Tony Cozier, the eminent voice of West Indies cricket broadcasting and its premier writer, is dead.
Cozier passed away this morning at the Bayview Hospital after losing a lengthy battle with cancer. He was 75.
Cozier spent a lifetime in journalism and was previously senior editor at the Nation Newspaper as well as being the Sunday Sun editor. He studied journalism at Carleton University in Ottawa, Canada. Cozier also worked at the Daily News which was founded by his father and fellow journalist Jimmy Cozier. He also worked for a short time at the Barbados Advocate.
Editor-in-chief at the Nation, Roy Morris, who worked with Cozier for over three decades, in paying tribute to his late colleague, told Barbados TODAY that from very early it was evident cricket flowed through Cozier’s veins.
”My association with Tony Cozier goes back to the early 1980s when I spent my early period as a trainee reporter on the Nation’s Sports Desk, and more particularly covering BCA First Division cricket each Saturday. From those early years there was absolutely no doubt that cricket flowed through Tony’s veins and into and out of a heart that was built on journalism.
“He was always professional and insisted on accuracy and news reports that not only captured the scores of the game, but the very life and energy of those who participated. It was he who taught me and other young journalists more than anything else that people mattered and they should be always at the centre of whatever we wrote.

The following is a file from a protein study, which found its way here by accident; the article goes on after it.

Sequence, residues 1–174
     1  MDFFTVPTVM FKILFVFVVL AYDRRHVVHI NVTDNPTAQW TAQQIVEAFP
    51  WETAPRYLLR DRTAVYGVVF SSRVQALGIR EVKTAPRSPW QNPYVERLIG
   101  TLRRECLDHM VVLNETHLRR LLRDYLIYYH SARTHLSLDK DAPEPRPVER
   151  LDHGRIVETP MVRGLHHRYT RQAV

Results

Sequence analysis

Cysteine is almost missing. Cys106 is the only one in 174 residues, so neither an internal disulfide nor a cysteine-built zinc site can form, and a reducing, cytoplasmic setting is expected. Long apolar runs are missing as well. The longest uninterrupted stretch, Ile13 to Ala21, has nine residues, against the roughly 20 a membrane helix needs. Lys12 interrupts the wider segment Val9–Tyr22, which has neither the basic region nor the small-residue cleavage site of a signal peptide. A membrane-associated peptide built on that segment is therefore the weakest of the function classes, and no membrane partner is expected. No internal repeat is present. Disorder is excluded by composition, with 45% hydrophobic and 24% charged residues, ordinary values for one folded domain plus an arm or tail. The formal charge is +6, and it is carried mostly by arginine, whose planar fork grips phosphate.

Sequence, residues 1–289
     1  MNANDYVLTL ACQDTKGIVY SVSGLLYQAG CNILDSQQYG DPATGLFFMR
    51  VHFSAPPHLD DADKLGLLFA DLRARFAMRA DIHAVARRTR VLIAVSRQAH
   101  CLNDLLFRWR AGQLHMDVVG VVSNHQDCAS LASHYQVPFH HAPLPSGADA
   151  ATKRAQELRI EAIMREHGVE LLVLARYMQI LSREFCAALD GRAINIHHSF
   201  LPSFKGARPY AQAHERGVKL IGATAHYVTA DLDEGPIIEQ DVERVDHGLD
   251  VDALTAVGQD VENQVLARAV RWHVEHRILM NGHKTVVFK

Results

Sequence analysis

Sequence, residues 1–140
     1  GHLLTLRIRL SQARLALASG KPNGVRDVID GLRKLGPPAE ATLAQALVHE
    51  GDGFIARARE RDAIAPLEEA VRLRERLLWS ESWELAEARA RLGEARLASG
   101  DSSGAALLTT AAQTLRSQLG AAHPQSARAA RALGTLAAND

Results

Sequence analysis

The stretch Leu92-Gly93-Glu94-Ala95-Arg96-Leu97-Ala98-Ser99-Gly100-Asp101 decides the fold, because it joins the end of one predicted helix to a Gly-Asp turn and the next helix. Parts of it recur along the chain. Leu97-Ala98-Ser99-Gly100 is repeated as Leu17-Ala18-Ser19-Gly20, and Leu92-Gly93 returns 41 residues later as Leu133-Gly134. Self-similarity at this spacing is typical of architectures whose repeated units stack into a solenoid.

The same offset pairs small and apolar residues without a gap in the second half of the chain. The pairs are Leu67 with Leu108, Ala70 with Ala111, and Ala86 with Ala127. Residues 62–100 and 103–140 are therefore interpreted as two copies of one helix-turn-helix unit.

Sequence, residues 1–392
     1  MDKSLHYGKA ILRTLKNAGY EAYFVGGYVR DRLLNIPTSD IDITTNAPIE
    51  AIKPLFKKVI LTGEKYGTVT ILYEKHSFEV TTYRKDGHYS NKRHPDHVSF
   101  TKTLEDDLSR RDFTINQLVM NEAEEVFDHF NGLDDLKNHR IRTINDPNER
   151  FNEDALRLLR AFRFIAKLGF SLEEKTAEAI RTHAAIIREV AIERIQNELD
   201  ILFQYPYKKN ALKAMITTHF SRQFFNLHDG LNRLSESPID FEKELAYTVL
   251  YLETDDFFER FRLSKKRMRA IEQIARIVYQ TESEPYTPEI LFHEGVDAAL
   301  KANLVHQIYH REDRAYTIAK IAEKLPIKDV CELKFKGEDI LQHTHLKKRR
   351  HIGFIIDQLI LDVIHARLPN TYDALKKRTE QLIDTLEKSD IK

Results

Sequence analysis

“But he also made it clear, even up until his last days, that everything that was produced by the Nation and its journalists was important enough to him to subject it to the greatest scrutiny. He did not fail to comment on the quality of our writing, being critical when he felt it was necessary, and paid particular attention to photographs, an aspect of journalism that clearly was dear to him,” Morris said, while extending condolences to Cozier’s family on behalf of his editorial colleagues.
The West Indies Cricket Board also paid glowing tribute to Cozier and offered condolences to his family and friends.
“The lifelong work of Tony Cozier centred around West Indies cricket and he made a lasting contribution to the game. He ensured that West Indies cricket fans all around the world received information and knowledge about their beloved team and their favourite players. His life was dedicated to the game in the Caribbean and we salute him for his outstanding work.
“He was not just a great journalist, but also a great ambassador. He represented West Indies wherever he went. He educated people around the world about our cricket, our people, our culture and who we are. His voice was strong and echoed around the cricket world. He enjoyed West Indies victories and shared the pain when we lost. He gave a lifetime of dedicated service and will be remembered by all who came into contact with him,” the official statement noted.